Matthew Nied, a law student at the University of Victoria, writes:
A recent case illustrates that American jurisprudence is increasingly coalescing around a uniform approach to determine whether a plaintiff may compel the disclosure of an anonymous defendant’s identity in internet defamation cases. As discussed below, the Canadian experience has been different.
In Swartz v. Does (“Swartz”) (see: judgment) a Tennessee state court held that plaintiffs were entitled to discover the identity of an anonymous blogger that published allegedly defamatory statements about them. The case arose when the plaintiffs subpoenaed Google, the parent company of the blogging service used by the anonymous defendants (see: news article).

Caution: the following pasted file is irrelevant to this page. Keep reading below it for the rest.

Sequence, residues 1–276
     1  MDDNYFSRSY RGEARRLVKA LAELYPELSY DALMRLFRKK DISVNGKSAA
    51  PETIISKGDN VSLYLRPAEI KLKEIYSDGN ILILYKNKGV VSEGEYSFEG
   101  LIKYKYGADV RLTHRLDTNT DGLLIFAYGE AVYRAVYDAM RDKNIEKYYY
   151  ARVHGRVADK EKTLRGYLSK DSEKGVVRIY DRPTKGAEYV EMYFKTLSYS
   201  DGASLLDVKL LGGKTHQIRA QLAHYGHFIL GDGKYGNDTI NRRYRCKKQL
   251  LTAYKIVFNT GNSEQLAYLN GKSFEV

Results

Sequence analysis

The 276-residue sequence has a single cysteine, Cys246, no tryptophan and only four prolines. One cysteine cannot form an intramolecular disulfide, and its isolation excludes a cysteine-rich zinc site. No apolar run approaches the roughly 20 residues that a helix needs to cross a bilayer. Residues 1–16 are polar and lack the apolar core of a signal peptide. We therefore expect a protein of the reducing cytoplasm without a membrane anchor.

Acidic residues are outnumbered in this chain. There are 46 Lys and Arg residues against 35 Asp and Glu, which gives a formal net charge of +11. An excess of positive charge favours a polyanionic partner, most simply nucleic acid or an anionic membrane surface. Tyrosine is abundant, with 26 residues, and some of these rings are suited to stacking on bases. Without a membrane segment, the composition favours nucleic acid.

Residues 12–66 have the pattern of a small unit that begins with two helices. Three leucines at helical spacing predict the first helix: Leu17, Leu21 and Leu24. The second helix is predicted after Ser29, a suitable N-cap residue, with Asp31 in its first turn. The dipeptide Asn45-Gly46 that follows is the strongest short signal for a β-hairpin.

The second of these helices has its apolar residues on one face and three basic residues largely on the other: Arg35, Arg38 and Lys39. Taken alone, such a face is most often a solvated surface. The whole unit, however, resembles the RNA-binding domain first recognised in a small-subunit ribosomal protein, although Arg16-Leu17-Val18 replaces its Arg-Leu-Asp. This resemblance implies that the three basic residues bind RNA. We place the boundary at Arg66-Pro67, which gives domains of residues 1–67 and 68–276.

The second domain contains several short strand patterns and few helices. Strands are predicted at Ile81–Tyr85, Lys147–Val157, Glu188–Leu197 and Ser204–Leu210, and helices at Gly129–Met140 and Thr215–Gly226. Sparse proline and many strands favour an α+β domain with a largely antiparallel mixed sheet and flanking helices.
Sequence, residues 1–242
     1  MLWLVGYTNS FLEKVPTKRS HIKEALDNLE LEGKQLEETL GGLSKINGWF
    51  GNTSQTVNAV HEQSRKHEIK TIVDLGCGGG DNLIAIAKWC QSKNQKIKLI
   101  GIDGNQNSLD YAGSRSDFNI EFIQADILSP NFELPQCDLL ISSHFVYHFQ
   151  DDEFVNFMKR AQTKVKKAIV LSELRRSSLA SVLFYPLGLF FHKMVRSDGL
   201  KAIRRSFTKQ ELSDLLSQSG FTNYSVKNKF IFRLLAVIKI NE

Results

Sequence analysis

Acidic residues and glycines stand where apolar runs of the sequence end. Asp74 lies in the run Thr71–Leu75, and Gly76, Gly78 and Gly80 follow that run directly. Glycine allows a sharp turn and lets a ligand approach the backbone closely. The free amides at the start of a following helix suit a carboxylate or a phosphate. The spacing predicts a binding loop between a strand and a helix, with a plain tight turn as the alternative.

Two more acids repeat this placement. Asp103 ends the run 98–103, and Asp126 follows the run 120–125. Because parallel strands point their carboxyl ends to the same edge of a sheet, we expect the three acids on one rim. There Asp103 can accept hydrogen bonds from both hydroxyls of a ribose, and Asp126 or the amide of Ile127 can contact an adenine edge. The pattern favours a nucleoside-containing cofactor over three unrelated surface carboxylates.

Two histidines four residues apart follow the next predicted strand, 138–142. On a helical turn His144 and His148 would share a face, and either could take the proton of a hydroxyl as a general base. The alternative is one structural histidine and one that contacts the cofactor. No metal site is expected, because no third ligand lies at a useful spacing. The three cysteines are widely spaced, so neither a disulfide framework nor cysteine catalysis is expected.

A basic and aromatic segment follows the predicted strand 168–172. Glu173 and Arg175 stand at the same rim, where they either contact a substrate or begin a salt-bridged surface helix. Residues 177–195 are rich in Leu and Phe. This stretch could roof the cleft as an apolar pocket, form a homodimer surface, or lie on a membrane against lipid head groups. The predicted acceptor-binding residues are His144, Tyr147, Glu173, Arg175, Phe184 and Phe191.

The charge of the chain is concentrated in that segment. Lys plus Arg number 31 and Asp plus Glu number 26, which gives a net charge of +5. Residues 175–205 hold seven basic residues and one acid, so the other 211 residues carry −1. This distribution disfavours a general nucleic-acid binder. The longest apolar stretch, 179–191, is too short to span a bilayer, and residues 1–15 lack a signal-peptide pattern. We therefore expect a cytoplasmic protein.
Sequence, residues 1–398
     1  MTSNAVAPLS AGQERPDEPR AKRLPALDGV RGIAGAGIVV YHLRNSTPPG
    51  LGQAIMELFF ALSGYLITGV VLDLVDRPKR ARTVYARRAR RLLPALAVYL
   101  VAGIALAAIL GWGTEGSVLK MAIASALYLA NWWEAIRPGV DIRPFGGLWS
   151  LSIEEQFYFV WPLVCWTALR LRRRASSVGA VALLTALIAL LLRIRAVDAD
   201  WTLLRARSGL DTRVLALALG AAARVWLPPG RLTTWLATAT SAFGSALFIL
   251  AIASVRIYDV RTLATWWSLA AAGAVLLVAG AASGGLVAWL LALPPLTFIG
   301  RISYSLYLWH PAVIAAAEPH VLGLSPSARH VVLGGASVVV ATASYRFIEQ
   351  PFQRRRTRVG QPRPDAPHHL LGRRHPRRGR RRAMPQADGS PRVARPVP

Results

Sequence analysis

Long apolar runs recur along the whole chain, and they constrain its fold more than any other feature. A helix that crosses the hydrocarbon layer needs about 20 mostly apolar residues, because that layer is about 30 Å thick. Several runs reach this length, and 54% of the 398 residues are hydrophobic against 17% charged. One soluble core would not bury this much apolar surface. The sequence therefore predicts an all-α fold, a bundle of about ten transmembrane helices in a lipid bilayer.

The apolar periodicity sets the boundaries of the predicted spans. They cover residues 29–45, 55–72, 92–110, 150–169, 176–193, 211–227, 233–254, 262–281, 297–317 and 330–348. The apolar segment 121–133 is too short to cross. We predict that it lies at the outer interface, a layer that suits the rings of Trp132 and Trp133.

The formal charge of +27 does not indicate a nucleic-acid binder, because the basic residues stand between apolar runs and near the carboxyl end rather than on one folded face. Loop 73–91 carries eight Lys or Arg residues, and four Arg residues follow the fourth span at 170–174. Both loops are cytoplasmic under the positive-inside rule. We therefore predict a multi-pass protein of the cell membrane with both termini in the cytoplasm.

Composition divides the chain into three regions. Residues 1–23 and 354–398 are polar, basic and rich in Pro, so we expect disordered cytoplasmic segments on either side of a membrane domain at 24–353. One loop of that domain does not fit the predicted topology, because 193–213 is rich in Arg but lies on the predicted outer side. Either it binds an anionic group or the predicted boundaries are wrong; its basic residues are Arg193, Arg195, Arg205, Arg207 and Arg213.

Swartz is yet another American case that has followed the increasingly prevalent Dendrite standard. Unfortunately, Canadian jurisprudence has yet to begin coalescing to the same extent. The scarce Canadian law on this issue, most of which comes from Ontario, indicates that plaintiffs have two ways to compel online service providers to reveal the identities of anonymous defendants….
Read more on Defamation Law Blog.